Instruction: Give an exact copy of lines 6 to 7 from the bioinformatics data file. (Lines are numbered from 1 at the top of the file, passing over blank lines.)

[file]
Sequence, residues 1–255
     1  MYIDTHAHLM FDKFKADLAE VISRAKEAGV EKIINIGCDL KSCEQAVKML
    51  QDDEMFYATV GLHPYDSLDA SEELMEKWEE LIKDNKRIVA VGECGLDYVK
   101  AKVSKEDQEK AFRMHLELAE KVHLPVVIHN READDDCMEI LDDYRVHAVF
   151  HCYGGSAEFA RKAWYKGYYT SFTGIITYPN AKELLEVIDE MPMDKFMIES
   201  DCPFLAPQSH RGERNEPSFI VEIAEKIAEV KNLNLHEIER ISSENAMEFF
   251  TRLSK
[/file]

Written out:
   201  DCPFLAPQSH RGERNEPSFI VEIAEKIAEV KNLNLHEIER ISSENAMEFF
   251  TRLSK